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How the University of Chicago Booth School Got An Amazing Art Collection

The keeper of the collection explained, on a recent tour, how this hidden gem came to the six floors of the business school.

Photo: Courtesy Paul Chan / University of Chicago

Paul Chan’s prints are on display alongside emerging artists at the University of Chicago’s Booth School of Business.

If you’re not familiar with the University of Chicago’s Booth School of Business “hidden gem"—a world-class, private art collection viewable on all six floors of the Harper Center—you’re not alone. Few know about the impressive trove of international contemporary art, and even fewer know how the institution amassed it.

I recently met with Dr. Canice Prendergast, professor of economics and keeper of the collection, who gave me a tour and revealed how the highly active art-collecting school operates. With a team of four curators and collectors, each year Prendergast adds ten to fifteen artworks to the collection, which currently numbers nearly 500 pieces by 86 artists. With a healthy budget for art, the business school now has a significant profile among international dealers, who want to get their artists into the prestigious collection.

The committee of five art experts has an unofficial rule: paintings must be seen in the flesh before they can be purchased (whereas photography can be approved from online images). Since two of the committee’s members live in Los Angeles (Suzanne Deal Booth and Dean Valentine), the group often meets at art fairs like Art Basel Miami, Frieze in New York, or Expo in Chicago to view a possible additions to the collection. Four of the five committee members must vote to approve a purchase.

The committee is rounded out by two high-profile Chicago-based curators, James Rondeau of the Art Institute and Suzanne Ghez, outgoing director of the Renaissance Society. (Service on the Booth’s art committee is a life-long committment) Having these high-profile curators on board boosts the committee’s buying power. In the art world, a lot of cash is not enough to purchase work by a famous artist; prestige counts just as much, if not more, than cash. The influence of Rondeau and Ghez, as well as the collection’s now-prominent profile, are attractive for major art world figures like Wolfgang Tillmans. The Booth’s art committee commissioned Tillmans to install four walls of his photographs on the school’s lower level. One photo in the installation shows the artist Felix Gonzalez Torres wearing a Chicago Police Department jacket. The jacket of the deceased artist now lives in Suzanne Ghez’s closet.

A dozen or more of the collected artworks made their way into the Booth’s collection after first passing through the AIC or the Ren. Artworks that don’t get accepted into the AIC through their donor group (called the Society for Contemporary Art) often end up at the Booth, and a few artists who have shown at the nearby Ren (which exhibits art but does not buy any) have been purchased by the business school. Professor Prendergast is on the board of the Ren and a member of the art acquisition group of the Society of Contemporary Art at the AIC.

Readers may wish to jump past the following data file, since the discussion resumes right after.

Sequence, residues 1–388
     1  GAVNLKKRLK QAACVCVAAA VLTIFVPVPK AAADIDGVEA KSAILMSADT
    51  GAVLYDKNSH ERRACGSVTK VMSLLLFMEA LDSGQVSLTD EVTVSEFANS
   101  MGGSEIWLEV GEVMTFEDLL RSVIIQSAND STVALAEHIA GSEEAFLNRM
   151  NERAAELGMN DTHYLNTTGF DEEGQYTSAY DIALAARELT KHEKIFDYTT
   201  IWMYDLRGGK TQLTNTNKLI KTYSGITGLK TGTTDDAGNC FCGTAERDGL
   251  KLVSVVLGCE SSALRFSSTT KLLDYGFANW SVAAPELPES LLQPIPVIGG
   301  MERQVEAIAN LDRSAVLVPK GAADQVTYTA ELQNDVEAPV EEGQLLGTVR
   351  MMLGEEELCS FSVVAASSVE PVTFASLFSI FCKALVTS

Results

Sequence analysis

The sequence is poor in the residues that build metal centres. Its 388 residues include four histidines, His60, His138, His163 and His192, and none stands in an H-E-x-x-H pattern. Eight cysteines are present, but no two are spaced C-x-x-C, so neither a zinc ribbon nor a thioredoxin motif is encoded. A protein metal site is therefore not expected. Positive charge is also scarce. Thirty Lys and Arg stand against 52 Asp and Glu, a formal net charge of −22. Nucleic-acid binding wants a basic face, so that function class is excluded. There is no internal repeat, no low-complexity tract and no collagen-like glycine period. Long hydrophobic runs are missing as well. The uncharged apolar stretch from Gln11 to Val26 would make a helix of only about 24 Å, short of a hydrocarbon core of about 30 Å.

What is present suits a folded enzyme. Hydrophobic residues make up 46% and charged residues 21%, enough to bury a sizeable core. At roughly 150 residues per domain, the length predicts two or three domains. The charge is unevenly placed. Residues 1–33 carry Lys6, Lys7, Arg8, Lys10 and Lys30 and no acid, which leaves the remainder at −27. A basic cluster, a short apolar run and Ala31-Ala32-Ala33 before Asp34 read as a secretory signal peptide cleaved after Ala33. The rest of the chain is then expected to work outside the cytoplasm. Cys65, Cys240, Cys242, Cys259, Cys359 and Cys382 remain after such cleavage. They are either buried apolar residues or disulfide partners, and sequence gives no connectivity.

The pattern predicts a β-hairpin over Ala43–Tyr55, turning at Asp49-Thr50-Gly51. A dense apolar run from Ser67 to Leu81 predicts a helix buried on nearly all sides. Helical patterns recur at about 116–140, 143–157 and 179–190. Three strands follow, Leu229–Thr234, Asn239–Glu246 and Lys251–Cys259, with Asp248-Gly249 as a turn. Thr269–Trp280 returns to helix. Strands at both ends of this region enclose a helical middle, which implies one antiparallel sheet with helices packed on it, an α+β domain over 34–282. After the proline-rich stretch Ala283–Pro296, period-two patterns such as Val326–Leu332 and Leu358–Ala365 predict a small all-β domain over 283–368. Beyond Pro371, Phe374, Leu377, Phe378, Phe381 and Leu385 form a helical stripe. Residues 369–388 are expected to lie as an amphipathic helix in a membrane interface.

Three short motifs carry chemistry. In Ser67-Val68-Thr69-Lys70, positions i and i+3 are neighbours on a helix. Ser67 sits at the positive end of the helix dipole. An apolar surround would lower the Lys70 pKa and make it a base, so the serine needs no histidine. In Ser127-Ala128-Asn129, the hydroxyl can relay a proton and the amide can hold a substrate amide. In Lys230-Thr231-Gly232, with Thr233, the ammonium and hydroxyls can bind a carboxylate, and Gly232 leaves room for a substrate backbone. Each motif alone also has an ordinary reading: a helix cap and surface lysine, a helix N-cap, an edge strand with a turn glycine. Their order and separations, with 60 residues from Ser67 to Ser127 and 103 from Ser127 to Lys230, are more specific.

Super famous artists mingle young, emerging artists in the collection. There are works by Jeff Wall and Paul Chan alongside Valerie Snobeck (a U of C grad), Sanya Kantarovsky, and Anna Boghiguian. The younger artists are “relatively unknown,” says Prendergast, although these artists do show internationally and are on the radars of many curators. Still, art lovers have few opportunities to view work by these young artists in Chicago, and the Booth’s collection is great exposure.

How does an artist get on the radar of the committee? “I’ll look at anything,” says Prendergast of the many emailed images he gets from dealers and artists. In the end, the committee has no agenda except to collect art that is international in scope. “We trust our instincts,” says Prendergast, and they have “an enormous amount of free reign from the school.”

After seven years of collecting, the personality or taste of the committee has become apparent. Clearly they adore abstract painting and drawing—it makes up a majority of the holdings—as well as photography with a documentary feel. The committee noticed an unintentional bias for contemporary German painting in their collecting habits, so they’ve self-mandated, says Prendergast, “to look more carefully at more underrepresented areas,” like Egypt, Scotland, the Middle East, and even Chicago.

Of the nearly 500 works on view, just two are sculptures. A barren tree with boulders lodged in its branches is actually a thirty-ton bronze artwork by the Italian sculptor Giuseppe Penone. The committee searched five years for a perfect outdoor sculpture until they saw Penone’s boulder-tree on view at Documenta, a major international exhibition in Germany, last year, and now the tree has a permanent home on the Booth School’s lawn. Penone’s tree makes a striking complement to the AIC’s massive carved tree by Charles Ray on permanent view in the Modern Wing.

The Booth’s art collecting program has been so successful that other colleges in the University are exploring starting their own art collection, such as the medical school. The art collection is fully cataloged on a special website (art.chicagobooth.edu), which is maintained better than some museum websites I have seen.

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